Travis Snider is the king of all creation

Good stuff via Brooks Baseball, Gameday, and Crack of Dawn

Tuesday, May 11, 2010

Mind Your Outrage

Trust me, there isn't anybody around here who wants to see Roy Halladay return to Toronto more than me; even if he's wearing a different uniform. When the inevitable happens and the series is moved, I'll be pretty upset.

But please, please, please do not let a displaced baseball game distract from what's really important: this G20 event turning our fair city into a complete police state. A preemptive police state, with foreign governments dictating the movement and ability to gather and speak freely in our own city.

I'm hardly a keffiyeh-wearing class warrior, but the real bullshit is "free speech zones" and an entire city on lockdown. Baseball takes a distant backseat to glad-handing politicians and their dog and pony shows.

Update: It's official. The games moved. So did the Designated Speech Zone. It's a doubleplus good weekend all around!

Monday, May 10, 2010

Clarence and the Bullpen

Clarence makes the move we all saw coming
One truism of the Blue Jays fandom goes like this: Cito doesn't relate to the pitchers. Cito doesn't deploy his bullpen well, he falls in love with guys and their Roles and waits too long to change them. With a bunch of interesting takes on evaluating bullpen usage floating around last week, I thought I'd try my hand.

Before we go any further: a refresher on leverage index. Leverage index measures the degree which any given event impacts the final game outcome. Bases loaded in a tie game = high leverage. Two out, nobody on in a blow out = low leverage. Fangraphs tracks more than just LI, they track the average LI of all plays for a given player (pLI), the average LI for pinch hit appearances (phLI), as well as the average LI when a pitcher is introduced into the game (gmLI). This one will work for us in this instance. xFIP normalizes home runs in using a myriad of components to generate an ERAish number. In this situation it might serve as a good "who's throwing well" barometer, the kind of thing Cito might have internally.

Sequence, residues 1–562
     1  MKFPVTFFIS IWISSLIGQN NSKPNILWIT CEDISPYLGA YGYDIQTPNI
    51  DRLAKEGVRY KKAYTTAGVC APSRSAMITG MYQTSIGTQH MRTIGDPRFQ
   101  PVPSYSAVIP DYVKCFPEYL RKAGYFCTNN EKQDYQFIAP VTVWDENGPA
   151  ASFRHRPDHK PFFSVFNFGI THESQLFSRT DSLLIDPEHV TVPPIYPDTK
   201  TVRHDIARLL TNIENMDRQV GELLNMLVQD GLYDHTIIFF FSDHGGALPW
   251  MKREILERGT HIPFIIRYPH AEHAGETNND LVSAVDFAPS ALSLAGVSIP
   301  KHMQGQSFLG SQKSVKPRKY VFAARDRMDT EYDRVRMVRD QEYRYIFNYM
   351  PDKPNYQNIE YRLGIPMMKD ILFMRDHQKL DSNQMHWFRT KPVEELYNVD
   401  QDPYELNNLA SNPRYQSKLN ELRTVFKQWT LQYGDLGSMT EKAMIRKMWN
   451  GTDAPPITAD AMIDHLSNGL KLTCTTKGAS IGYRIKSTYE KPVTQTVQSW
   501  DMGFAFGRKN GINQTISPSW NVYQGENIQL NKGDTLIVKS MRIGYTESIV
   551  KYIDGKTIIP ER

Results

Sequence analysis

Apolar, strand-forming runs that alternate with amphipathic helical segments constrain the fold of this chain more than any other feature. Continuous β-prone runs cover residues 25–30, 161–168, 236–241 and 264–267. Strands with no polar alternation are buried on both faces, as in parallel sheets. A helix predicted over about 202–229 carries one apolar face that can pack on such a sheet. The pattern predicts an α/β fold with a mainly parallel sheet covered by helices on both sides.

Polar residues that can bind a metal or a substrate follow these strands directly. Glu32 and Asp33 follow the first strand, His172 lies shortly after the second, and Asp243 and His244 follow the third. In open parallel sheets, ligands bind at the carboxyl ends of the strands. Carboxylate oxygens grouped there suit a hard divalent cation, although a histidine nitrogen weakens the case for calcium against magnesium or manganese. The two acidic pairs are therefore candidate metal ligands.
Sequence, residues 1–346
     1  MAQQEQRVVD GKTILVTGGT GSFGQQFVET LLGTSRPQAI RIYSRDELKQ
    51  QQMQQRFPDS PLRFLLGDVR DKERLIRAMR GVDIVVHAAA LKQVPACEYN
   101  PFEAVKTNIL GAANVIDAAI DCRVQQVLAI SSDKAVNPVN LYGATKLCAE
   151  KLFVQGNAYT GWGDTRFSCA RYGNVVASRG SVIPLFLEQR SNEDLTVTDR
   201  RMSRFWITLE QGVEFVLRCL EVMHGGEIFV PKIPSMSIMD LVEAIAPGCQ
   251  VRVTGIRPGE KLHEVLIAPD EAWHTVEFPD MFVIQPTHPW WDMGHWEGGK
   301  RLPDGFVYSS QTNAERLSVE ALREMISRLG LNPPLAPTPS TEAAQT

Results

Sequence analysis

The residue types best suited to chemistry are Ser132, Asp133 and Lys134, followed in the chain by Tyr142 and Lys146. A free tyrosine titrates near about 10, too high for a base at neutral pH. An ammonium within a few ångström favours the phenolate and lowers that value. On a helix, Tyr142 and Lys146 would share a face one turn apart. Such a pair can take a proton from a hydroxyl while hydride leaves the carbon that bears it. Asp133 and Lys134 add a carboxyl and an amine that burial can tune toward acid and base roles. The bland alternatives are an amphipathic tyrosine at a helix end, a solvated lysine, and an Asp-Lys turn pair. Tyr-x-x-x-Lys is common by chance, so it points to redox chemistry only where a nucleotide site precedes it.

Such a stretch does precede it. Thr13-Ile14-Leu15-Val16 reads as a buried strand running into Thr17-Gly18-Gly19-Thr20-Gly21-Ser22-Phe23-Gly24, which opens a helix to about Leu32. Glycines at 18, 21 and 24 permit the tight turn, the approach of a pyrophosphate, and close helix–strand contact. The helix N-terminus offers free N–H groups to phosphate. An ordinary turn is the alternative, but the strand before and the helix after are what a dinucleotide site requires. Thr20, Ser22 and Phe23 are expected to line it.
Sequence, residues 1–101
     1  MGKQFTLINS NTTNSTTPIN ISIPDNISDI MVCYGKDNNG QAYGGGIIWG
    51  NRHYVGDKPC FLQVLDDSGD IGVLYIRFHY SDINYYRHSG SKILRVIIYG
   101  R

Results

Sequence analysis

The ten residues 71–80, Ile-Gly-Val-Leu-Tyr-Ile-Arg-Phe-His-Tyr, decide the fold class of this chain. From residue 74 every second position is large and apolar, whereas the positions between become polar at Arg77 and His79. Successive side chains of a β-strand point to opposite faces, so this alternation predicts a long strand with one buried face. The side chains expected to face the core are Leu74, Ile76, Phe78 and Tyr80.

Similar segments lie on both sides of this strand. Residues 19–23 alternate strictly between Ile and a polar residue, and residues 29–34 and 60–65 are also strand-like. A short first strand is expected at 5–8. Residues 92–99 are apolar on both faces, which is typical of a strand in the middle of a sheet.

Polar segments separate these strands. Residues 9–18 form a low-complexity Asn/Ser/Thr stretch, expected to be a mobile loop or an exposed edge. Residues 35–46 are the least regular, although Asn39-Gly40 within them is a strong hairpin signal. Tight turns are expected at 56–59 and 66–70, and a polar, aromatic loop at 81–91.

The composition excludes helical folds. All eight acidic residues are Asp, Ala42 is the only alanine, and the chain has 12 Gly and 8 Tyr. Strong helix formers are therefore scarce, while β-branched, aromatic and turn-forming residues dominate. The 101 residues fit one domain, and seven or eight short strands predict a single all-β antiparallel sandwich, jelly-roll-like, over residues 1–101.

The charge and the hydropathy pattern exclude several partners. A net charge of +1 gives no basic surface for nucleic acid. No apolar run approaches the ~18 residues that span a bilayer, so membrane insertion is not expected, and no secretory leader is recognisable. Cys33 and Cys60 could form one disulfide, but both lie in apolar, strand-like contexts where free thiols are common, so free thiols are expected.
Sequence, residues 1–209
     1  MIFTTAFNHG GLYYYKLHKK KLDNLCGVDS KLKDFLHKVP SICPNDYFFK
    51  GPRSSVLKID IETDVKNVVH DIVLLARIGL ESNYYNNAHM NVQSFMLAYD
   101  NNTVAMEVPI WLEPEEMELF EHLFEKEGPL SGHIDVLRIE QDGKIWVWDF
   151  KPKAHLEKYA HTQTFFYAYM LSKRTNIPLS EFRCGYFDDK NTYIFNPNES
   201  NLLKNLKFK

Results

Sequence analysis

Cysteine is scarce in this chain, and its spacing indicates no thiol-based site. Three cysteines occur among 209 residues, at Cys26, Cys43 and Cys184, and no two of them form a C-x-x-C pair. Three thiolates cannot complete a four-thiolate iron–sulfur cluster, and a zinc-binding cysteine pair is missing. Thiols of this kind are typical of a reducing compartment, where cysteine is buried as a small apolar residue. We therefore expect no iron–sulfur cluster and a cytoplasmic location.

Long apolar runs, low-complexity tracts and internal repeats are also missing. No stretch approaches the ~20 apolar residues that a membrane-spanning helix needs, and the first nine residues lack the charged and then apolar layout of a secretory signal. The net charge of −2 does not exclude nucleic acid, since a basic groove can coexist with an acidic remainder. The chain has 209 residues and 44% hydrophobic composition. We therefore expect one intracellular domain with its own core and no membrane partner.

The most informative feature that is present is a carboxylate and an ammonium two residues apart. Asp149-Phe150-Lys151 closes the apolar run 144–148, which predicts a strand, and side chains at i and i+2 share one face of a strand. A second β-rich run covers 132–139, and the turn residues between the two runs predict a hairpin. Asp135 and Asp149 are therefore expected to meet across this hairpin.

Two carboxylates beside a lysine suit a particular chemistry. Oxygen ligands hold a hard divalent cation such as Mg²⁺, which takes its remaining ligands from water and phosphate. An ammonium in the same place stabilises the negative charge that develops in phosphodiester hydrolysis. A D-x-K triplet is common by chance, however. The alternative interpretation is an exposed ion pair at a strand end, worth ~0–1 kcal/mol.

I'm opting for gmLI rather than player LI because of Jason Frasor. Basically, Jason Frasor took a few high leverage situations and pitched himself into even higher leverage situations by walking and/or allowing the lead-off man to reach nearly all the time. And that isn't The Manager's fault, not in a way I can prove. (Yet.) Another time I'll look at each player's deployment (like the Fangraphs link above) but we'll use this as a long view for now.

What you see below is a graph of gmLI against xFIP. In a perfect world, the better pitchers (lower xFIP) would have the highest gmLI - they're used in the most important times. This isn't always the case, let's see how Cito does.

Anything interesting here? Shawn Camp continues to pitch nearly as well as anyone on the team, yet his usage suggests he isn't considered as important as Frasor or Downs. Accardo and Casey Janssen threw that ball equally poorly in nearly the same type of situations. Josh Roenicke, Rommie Lewis, and Merkin Valdez don't really have the innings to make their xFIP worth much, but they're straight up mop up dudes. Roenicke got into the game a little later on Saturday and promptly ruined the sheets. Consider that your shot Josh.